When Winter Comes, V.A. Shannon
Genre: Historical fiction
Gosh, such a difficult book to review. I enjoyed it immensely, but it also made me incredibly angry, sad, squeamish, and so glad I was born in recent history.
Its easy to judge from the perspective of a safe, warm home, plenty of food, good trustworthy family and friends. The Indian saying about walking a moon in anothers shoes before judging is a good one to bear in mind. Who knows what we’d do when faced with death?
We get the story from Mrs Jacob Klein, now a well respected person, wife and mother. Her husband Jacob doesn’t figure largely in this story, and yet I get the feeling he knows what happened, he saw how harrowing the journey had been for his wife, and his decision right at the start to tell her he would never ask gave her a peace of mind.
She didn’t love him when they married, but over the years that respect and trust has grown, and I feel she does love him now, not with a grand passion, but with a depth that is solid, means more to her.
When we first meet her she’s one of many, families struggling to survive, parents who don’t care or have given up caring, and just use whatever they can to scratch a living, steeped in the alcohol that helps them forget for a bit how hard life is. That’s her future, selling her body, unless she takes charge, and when the opportunity comes she grabs it, and runs, out onto the trail with folk hoping for a new life.
Its hard, she’s on her own, tagging on to a family by their goodwill, and need for her help. Things go wrong of course, days are long, life is tough but somehow they’re getting through. Seeds are sown, moments of distrust, stories embellished, accusations and insinuations run riot, as happens with any large group, but so far they are making progress. Not without losses, but they all expected that.
Then someone comes up with a shortcut, tells some of the others they’ll get there ahead of the main group if they take it, they’ll get the best opportunities, the best land, the best grazing, be wealthy, and the infamous Donner Party sets out.
That part is true, the story is a fictionalised tale based upon real events, and its harrowing to read in parts.
Of course its never as easy as it seems, the shortcut proves to be anything but, and they fall far behind, the bad weather catches up and we see all this happening through the main characters eyes. Harsh realities bring out the best in some folk and the worst in others, and it makes for some tough reading, but I was gripped by wanting to know how things worked out. Slowly the misfortunes build on and life gets harder and harder. None of them escape unscathed and they have to take some hard decisions over what to do.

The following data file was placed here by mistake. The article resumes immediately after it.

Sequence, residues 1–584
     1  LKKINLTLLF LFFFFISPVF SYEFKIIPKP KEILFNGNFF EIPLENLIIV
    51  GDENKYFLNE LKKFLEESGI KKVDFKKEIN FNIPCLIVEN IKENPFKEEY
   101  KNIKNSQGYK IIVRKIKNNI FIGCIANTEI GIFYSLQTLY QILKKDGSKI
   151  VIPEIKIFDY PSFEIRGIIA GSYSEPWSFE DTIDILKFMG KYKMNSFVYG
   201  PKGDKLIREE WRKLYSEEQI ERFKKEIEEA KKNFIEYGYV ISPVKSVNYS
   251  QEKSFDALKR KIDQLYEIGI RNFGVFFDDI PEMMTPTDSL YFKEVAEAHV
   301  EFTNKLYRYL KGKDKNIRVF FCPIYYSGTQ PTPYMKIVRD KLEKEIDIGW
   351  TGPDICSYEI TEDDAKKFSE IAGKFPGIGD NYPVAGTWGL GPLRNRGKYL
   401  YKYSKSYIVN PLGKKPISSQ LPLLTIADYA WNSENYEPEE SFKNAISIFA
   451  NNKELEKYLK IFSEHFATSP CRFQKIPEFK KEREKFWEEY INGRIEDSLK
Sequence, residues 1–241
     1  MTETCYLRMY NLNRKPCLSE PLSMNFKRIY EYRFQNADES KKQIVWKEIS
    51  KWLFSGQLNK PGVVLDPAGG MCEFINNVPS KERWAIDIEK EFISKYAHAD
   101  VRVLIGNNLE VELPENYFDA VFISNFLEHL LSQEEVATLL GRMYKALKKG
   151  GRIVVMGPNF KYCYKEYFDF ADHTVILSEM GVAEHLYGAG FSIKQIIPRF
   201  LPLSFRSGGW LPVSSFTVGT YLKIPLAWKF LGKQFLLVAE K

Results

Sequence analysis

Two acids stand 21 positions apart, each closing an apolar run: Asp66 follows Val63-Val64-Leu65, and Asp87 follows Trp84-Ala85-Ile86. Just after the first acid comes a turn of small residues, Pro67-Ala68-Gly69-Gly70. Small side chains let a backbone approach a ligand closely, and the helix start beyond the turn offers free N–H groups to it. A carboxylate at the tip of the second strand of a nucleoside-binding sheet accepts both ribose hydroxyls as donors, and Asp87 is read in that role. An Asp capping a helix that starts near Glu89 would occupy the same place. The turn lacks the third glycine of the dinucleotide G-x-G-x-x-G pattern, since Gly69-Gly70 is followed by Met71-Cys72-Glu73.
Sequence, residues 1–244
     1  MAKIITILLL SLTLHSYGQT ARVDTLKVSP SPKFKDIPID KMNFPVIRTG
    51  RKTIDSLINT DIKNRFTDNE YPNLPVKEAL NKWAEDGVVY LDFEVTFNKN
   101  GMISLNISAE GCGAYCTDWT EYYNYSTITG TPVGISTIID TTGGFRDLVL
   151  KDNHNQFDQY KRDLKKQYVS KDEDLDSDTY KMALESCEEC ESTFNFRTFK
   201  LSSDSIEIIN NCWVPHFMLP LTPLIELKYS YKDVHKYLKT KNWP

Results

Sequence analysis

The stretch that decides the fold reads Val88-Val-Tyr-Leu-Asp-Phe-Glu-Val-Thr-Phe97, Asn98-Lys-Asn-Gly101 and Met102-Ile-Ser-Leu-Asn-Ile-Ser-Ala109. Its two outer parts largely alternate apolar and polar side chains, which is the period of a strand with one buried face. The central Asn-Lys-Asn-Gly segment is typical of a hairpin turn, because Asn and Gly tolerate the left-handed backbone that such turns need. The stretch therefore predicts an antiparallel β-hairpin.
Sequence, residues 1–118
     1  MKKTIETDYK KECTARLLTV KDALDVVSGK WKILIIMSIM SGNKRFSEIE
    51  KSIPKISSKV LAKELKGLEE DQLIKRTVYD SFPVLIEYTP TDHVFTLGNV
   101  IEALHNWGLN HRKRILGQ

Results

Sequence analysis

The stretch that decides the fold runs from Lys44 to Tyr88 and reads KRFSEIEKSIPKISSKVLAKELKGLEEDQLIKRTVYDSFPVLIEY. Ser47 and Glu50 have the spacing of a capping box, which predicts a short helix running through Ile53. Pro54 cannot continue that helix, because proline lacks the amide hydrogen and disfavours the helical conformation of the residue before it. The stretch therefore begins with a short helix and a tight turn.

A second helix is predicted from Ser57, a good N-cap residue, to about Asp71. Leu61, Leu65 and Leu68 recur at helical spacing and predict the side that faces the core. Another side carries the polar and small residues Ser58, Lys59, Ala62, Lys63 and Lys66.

Reading it, I was thinking of the unwavering cold, no real shelter, no warm clothes or bedding, no medical supplies, very little food, and the outlook bleak, with no hope of getting through before the hard weather sets in for months. That real last resort, eating the dead so the living can survive, its an awful thought, but then so is letting children starve when bodies are meat that could save them. Hard choice to make and the decision never to speak of it is a good one.
As always though there are those with loud voices who make money from the story, not by telling the truth of course, but by presenting themselves in the best light, and by talking down and blaming those who they’ve held grudges against for so long.
That’s human life, that still happens, never let the truth get in the way of a good story is something we see today in the news all the time. Some things never change, but those lies can decimate anothers life.
Stars: Four, a story I really enjoyed, hard though parts were to read.
I liked the contrast of the seemingly content and well off Mrs Jacob Klein, with the scared, starving waif she began the story as.
I loved the history part of it, that its a real story, though a fictionalised account, and I felt for those poor souls who were part of it.
It gave me much to think about after.
ARC supplied by Netgalley and Publishers